Header Image Courtesy of irum of

Tuesday, April 14, 2015

Padron Peppers - A Year Later & Padron Chicken Slow Cooker Recipe

Padron Peppers, Fresno Chiles, and Cubanelle Peppers from Year Old Plants
I wrote about my foray into growing Padron peppers last year (read about it here).  It was all so trendy.  Shisito peppers are at Trader Joe's now, and for some reason, restaurants charge a pretty penny to get these peppers as an appetizer.  Just grow them yourself.

I'd read about people overwintering pepper plants to get several years harvest out of one plant by digging them up and bringing them inside for the cold winter months.  I guess I did that.  I didn't have the intention of overwintering my plants, but, well--- don't get mad at me-- San Diego just didn't have a winter this past year.  So, thus, I overwintered my plants by doing nothing more than not digging them up at the end of the season.

The plants just didn't do much growing between November and February, but they are back, leggy, but back.  Around November 2014, I pruned the heck out of the plants, but that was it.  So, I am here to say that if you happen to live in a San Diego-type climate and want to keep your pepper plants, just prune them and let them be.

That being said, I've cooked up a couple batches of padrons so far this year.  I did the basic cast iron pan saute with olive oil and salt.  But, Oh Lordy, I couldn't eat them.  Way too spicy for me.  Last year, you'd get a spicy one every 6 or so peppers.  This time it was two spicys to one mild.  Being a sissy la-la when it comes to heat, I'm not amused.   Time for creativity to use up all the spicy peppers.

Spicy Padron Slow Cooker Chicken:
 Now, I don't eat chicken, so don't ask me what it tasted like, but I have on good measure that the recipe was a hit.   Basically, chop up (food processor, knife, or mortar and pestle) an onion, a bunch (15ish) of padrons, and a few garlic cloves. Saute with olive oil, add cumin, salt, pepper, oregano for 10 mins or so.  I wanted to thicken it up so I mashed up some pinto beans and added to the pan.  Dump in crock pot.  Add a few cups of broth.  Add chicken (I used parts of a whole chicken I cut up).  Cook on low until chicken is falling off the bone.  Take chicken out of the crock.  Discard bones, and cartilage.  Shred.  Put back into crock pot with all the juices.  Add more or less stock to taste.  Add whole beans if you want to.  Add cilantro, green onions, avocado, chopped up fresh padrons, squeeze of fresh lime juice, cheese--- you get it to make a chili.  Or just pull out the shredded chicken for tacos.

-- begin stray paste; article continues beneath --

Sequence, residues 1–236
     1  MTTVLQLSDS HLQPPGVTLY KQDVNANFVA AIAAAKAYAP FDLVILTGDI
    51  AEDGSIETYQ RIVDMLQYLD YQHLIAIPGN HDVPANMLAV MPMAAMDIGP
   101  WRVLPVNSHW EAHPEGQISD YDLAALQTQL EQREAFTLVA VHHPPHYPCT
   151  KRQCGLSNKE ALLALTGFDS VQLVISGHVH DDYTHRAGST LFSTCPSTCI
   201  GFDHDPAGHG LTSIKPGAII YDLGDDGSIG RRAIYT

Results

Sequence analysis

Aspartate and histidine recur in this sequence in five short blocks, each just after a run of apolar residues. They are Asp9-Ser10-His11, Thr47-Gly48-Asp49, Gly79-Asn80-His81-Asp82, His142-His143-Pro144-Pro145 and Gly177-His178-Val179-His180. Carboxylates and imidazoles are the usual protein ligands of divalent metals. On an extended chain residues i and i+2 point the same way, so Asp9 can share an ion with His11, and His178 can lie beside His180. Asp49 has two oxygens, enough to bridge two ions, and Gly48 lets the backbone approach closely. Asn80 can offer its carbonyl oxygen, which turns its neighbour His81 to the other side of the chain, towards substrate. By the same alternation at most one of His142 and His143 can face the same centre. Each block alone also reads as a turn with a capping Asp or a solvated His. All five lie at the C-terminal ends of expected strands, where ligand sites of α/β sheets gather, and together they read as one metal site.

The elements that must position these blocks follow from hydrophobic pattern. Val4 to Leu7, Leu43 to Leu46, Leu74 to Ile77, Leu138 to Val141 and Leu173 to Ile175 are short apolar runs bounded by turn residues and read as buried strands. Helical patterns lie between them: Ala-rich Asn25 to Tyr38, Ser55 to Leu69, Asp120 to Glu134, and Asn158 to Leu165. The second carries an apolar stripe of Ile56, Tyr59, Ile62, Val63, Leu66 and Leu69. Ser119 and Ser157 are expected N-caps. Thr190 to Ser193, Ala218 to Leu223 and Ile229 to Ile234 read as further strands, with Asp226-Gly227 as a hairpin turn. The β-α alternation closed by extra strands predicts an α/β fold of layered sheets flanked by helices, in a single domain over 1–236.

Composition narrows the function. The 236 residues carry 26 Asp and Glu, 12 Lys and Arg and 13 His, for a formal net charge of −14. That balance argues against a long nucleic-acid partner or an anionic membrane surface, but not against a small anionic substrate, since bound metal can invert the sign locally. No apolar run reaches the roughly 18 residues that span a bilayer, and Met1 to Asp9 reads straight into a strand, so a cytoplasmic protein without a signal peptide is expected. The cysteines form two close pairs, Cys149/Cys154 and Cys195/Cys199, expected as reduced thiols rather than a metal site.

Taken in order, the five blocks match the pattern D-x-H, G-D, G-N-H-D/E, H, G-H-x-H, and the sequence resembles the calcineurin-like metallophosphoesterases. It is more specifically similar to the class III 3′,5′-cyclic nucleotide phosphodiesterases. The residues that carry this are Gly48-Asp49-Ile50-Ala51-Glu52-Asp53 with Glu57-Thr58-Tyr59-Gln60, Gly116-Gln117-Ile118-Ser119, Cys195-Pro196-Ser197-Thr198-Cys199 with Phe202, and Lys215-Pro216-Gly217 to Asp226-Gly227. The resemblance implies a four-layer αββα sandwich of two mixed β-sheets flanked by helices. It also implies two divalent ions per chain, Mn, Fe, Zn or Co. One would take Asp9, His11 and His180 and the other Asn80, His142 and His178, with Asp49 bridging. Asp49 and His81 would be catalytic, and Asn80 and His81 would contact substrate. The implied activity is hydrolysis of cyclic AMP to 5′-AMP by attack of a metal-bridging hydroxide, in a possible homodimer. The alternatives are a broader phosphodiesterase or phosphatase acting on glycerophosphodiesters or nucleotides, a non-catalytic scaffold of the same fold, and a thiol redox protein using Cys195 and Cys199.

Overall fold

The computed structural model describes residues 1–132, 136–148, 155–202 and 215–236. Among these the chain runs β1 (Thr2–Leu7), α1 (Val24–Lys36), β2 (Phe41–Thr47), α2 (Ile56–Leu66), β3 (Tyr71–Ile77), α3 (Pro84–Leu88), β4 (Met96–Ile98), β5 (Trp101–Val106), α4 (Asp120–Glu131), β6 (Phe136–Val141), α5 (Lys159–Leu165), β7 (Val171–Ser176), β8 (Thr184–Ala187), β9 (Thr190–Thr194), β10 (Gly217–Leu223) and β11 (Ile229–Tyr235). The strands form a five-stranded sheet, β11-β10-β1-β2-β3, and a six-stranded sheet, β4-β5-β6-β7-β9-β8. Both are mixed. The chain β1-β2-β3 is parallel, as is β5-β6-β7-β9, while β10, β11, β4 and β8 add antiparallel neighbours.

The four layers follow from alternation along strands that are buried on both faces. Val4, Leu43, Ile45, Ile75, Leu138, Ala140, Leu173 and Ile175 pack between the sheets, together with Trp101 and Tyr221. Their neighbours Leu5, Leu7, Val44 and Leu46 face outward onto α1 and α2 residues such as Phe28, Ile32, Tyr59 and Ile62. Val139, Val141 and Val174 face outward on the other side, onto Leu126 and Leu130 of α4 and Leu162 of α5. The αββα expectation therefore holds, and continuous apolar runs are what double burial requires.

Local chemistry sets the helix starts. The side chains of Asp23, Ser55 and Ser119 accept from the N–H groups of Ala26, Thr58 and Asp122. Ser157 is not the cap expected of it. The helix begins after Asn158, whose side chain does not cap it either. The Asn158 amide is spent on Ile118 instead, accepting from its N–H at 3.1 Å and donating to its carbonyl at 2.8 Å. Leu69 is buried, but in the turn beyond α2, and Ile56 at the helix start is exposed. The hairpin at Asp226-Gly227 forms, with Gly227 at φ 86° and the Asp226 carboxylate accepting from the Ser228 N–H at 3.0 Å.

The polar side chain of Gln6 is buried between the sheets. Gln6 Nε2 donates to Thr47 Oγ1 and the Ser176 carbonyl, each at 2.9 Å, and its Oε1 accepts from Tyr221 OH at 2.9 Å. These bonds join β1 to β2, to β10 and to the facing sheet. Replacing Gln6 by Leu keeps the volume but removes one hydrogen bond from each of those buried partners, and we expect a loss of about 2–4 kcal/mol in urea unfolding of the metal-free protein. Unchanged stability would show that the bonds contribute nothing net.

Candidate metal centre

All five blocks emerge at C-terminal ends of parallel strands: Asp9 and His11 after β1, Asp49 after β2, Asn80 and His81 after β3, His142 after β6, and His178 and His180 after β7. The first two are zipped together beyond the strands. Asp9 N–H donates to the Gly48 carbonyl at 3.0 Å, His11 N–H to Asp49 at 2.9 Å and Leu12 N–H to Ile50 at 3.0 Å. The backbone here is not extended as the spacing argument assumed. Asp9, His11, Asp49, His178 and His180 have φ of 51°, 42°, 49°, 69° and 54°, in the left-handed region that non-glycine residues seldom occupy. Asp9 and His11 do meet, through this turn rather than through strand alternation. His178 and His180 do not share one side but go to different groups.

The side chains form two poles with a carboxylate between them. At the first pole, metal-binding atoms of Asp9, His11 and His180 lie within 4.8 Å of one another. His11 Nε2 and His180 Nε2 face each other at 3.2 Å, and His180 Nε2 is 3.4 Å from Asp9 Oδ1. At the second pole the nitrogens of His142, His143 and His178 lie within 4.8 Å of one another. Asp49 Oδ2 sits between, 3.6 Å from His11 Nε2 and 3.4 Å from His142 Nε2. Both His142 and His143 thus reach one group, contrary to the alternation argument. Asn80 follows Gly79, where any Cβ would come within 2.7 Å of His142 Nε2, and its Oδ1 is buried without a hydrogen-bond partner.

If your Padrons are not so spicy, consider adding some jalapeno, fresno chili, or other medium heat peppers to liven it up.

Saturday, August 23, 2014

Watermelons Growing in San Diego- Crimson Sweet Variety

Crimson Sweet just  3 days apart!
 I love watermelon.  LOVE.  So this year, now that I started garden boxes in a central neighborhood of San Diego, on a canyon with a whole lot of sun, I thought I'd try my hand at growing some.  I forget where I bought the seedling, but it was only 2 bucks.  I tucked it into the corner of one of my raised beds and thought it could grow over the side on onto the grown surrounding the box.  I figured it would be a sprawling plant, but didn't think it would take over the yard... which it did.  I took a few pictures below of the evolution of the watermelon vines.  I didn't take any snaps of them fully growing, but imagine double the size of the larger picture.